Kant, Prolegomena to any Future Metaphysic

Afterwards it is up to each person to decide how far

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Unformatted text preview: iples be universal; and they can’t achieve universality unless they can fix their expectations and hopes on the field of transcendental Ideas ·because in the domain of experience strict universality is never to be found·. Now I find that the Ÿpsychological Idea, little as it shows me of the nature of the human soul ·thought of as something· elevated above all concepts of experience, does plainly enough show the inadequacy of these concepts, and in that way steers me away from a materialist theory of mind - a theory that is unfit to explain anything in nature, as 74 well as cramping the use of reason in moral thinking. The Ÿcosmological Ideas serve similarly to keep us from naturalism, which asserts that nature is sufficient unto itself; they do this through ·bringing home to us· the obvious fact that even if we had all possible knowledge of nature, reason’s legitimate demands would not be satisfied. Finally there is the Ÿtheological Idea, ·whose service to us is as follows·. All natural necessity in the sensible world is conditioned, because it always involves something’s being necessitated by something else that is also conditioned; and thus unconditional necessity is to be looked for only in a cause that is different from the world of the senses. And the causality of this cause can’t be yet another example of natural necessity, for if it were it could never make comprehensible the existence of the contingent (as its consequent). So the theological Idea, ·which is the Idea of a non-natural cause of everything contingent·, is something that reason uses to free itself from fatalism (in both its versions: (1) blind natural necessity in the system of nature itself, without a first principle, and (2) blind causality of a first principle of nature), and to arrive at the concept of a cause possessing freedom, or of a highest intelligence. Thus the transcendental Ideas serve, if not to instruct us positively, at least to put a stop to the impudent assertions of materialism, of naturalism, and of fatalism - assertions that restrict the field of reason - thereby making room for the moral Ideas to operate outside the field of speculation. This, I should think, goes some way towards explaining reason’s natural tendency ·to engage with Ideas·, which I mentioned earlier. The facts about the Ÿpractical or moral usefulness that a purely Ÿspeculative science can have don’t lie within the province of the science itself; so they can be seen simply as a scholium [= ‘explanatory note, marginal comment’] which, like all scholia, is not a part of the science itself. Still, this material surely lies within the boundaries of philosophy, especially of philosophy drawn from the well of pure reason - a part of philosophy in which reason’s Ÿspeculative use in metaphysics must necessarily be all of a piece with its Ÿpractical use in morals. Hence the unavoidable dialectic of pure reason, considered as something occurring in metaphysics as a natural tendency, deserves to be explained not only as Ÿan illusion that needs to be cleared away but also, if possible, as Ÿ·an upshot of· something put in place by nature for a purpose - though this task lies outside the jobdescription of metaphysics proper, and so cannot rightly be assigned to it. The solutions of the questions put forward in the Critique at A642-68 = B675-96 should be regarded as a second scholium - this time one that is more closely related to the content of metaphysics.18 For in that part of the Critique certain principles of reason are put forward that characterize a priori Ÿthe order of nature or rather Ÿthe understanding that is to seek nature’s laws through experience. They seem to have propositional content and not merely to be rules for how the understanding should be employed, and to be lawgiving with regard to experience, although they spring from mere reason, which cannot -----------------------------------18 Throughout the Critique I remained resolved not to neglect anything, however deeply hidden, that could bring completion to the inquiry into the nature of pure reason. Afterwards it is up to each person to decide how far to take his researches, once he has been shown what remains to be done. This ·attitude to further research· can reasonably be expected from someone who has made it his business to survey the whole field, so as to leave it to others for future cultivation and for whatever subdividing of it they think fit. The scholia belong to this ·part of the total project·; because of their dryness they can hardly be recommended to amateurs, and hence they are presented only for experts. 75 like the understanding be considered as a principle of possible experience. This agreement ·between principles issued by reason and what is found in experience· may rest on this: Nature isn’t attached to appearances (or to the sensibility through which appearances come) in themselves, but is to be found only in Ÿthe relation of sensibility to the understanding. ·And just as nature takes us upwards from sensibility to understanding, so the theoretical use of the understanding takes us further upwards to reason·. A thoroughgoing unity in the use of the understanding for the sake of a systematically unified possible experience can be had only if Ÿthe understanding is related...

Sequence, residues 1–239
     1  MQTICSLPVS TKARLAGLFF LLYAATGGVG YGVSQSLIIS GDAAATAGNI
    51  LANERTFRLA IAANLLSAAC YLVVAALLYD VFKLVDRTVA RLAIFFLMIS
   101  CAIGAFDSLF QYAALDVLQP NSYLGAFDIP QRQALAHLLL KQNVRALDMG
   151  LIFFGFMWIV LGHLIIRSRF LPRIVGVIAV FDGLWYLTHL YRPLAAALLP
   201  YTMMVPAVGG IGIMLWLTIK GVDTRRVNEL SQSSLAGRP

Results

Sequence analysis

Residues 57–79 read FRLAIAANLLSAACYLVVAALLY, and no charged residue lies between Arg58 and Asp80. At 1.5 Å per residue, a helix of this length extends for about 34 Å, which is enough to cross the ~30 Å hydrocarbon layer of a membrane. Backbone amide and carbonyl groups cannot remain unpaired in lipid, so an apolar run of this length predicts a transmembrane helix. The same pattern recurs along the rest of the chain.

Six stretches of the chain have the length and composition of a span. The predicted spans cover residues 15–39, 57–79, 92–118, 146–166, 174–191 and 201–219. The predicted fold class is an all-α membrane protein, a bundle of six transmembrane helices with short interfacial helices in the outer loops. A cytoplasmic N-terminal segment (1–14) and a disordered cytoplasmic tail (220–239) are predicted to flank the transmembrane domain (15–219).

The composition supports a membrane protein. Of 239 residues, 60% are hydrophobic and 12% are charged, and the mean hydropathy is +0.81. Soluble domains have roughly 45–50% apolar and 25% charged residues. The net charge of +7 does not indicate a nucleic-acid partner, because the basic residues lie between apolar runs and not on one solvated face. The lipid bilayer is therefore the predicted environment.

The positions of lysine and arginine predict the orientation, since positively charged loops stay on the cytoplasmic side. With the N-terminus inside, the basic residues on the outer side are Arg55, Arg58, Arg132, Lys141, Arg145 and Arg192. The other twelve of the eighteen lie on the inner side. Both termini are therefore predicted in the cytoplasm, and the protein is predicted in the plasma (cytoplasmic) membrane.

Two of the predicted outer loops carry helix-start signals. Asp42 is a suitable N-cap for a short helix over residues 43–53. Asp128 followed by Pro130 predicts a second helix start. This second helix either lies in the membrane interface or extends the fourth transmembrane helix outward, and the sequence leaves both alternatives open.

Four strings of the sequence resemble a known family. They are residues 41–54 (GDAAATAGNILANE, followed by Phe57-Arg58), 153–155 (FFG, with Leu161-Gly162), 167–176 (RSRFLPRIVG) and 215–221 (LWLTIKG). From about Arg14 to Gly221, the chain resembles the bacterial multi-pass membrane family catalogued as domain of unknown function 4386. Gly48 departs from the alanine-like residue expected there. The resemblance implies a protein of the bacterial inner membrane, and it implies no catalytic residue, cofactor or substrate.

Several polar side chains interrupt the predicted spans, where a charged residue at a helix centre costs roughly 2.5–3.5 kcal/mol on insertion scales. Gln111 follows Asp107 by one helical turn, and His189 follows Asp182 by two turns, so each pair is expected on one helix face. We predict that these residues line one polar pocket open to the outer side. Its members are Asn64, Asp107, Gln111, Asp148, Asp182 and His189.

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This note was uploaded on 03/12/2013 for the course PHIL 105 taught by Professor Mendetta during the Spring '13 term at SUNY Stony Brook.

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